I would just like to take a moment to thank Phil Johnson for the gracious reply. I would also like to offer my apologies for being exasperating, and such a tricksy dancer. I don’t usually mean to be.
I have a great deal of agreement with Phil’s premises, and therefore a lot of sympathy with a lot of his conclusions. And I agree with him that historic cessationists have done a lot of good work on this subject. Where I don’t think we have dug deeply enough, though, is in an area that appears to have nothing to do with whether or not the revelatory gifts have ceased. That area is the nature of the intersection between nature and supernature, and whether there even is something we can call supernature. We have gotten so jumbled that a claim that something comes from the spiritual realm is tantamount in the minds of many Christians to a claim that it is inspired. But that can’t be true — the devil is a spirit, and the devil is a liar.
So I don’t think a strong doctrine of divine providence (by itself) is able to give an adequate cessationist account of George Wishart’s prediction of Cardinal Beaton’s sorry end, or of John Knox’s uncanny statement, while chained to the oar of a galley ship, of the day when he would be preaching at St. Andrews. What happens is that Knox gets a pass because, well, because he’s John Knox and he is dead now. If we talk about it, we get tangled up in whether or not Knox was being a prophet or not, and how do we file this? I want to deny that he was in any way inspired, and file it under him being a fey Scot — an entirely natural thing to be.
The doctrine of providence tells me that God is involved in everything. It does not tell me what He means by it. So when a weird thing happens to Christians, they often assign divine meaning to it, and that is why they get what they are doing muddled up with the guaranteed inspiration given to apostles and prophets by the Holy Spirit. Until we sort this out, I agree that dogmatic pronouncements can be dangerous. But until we sort it out, dismissing all of it brings in a different kind of danger.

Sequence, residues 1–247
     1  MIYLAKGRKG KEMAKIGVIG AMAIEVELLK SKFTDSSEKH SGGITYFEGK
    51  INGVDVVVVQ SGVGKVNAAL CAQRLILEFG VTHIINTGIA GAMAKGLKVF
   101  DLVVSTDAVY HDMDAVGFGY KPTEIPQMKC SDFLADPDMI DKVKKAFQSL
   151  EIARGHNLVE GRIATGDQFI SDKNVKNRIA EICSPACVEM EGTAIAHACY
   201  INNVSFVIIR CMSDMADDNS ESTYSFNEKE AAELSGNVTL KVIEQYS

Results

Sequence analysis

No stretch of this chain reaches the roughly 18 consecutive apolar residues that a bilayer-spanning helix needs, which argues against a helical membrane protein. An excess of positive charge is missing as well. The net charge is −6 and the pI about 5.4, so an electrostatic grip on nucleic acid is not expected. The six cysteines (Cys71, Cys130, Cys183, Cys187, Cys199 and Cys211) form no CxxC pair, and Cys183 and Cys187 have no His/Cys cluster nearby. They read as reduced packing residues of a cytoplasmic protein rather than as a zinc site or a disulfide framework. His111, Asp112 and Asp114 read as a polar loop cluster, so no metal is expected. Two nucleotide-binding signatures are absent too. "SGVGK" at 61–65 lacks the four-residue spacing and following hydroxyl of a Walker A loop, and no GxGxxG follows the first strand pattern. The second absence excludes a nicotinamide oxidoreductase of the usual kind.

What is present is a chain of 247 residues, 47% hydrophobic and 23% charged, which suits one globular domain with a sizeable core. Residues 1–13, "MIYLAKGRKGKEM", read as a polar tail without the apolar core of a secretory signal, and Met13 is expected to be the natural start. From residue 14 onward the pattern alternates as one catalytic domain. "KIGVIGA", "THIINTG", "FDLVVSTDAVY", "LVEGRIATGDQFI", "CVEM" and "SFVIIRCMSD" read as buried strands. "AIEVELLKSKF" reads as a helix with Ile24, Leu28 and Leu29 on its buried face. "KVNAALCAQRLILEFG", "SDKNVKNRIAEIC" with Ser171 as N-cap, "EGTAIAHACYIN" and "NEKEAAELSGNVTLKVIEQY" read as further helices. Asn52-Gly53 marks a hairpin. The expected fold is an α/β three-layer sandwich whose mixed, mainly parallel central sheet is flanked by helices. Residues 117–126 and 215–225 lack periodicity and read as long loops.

The other thing I would like to see tamped down in this discussion is the free use of words like “wickedness,” or “blasphemous,” or “pornographic.” There are ways to take issue with something that you believe is not wise without categorizing it as though you are battling with the orcs at Helm’s Deep. I certainly would differ with some of Mark’s take on this sort of thing, just as I would with John MacArthur’s recent and unwise blast against beer. Let’s not man the barricades just yet.
“Yet she increased her whoring, remembering the days of her youth, when she played the whore in the land of Egypt and lusted after her paramours there, whose members were like those of donkeys, and whose issue was like that of horses. Thus you longed for the lewdness of your youth, when the Egyptians handled your bosom and pressed your young breasts” (Ez. 23:19-21, ESV).
Is that pornographic? Did we really need to know how the Assyrians were hung, and how they ejaculated? Well, apparently God thinks so. Every word is profitable, right?
And as far as wickedness and blasphemy go, descriptions of wickedness should be evaluated on the basis of whether the wickedness is being attacked or defended. I grant that an attack on wickedness could well be unwise, but I don’t believe genuine attacks on wickedness are wicked. We need to guard against setting up unscriptural definitions of morality. As Chesterton put it once, “Nine times out of ten, the coarse word is the word that condemns an evil and the refined word the word that excuses it.”
Let me conclude by thanking Phil again for a good exchange. I really do appreciate it. We haven’t had our conference yet. I believe it will be a good one — you can come and see for yourself, or you can ask us afterward how it went.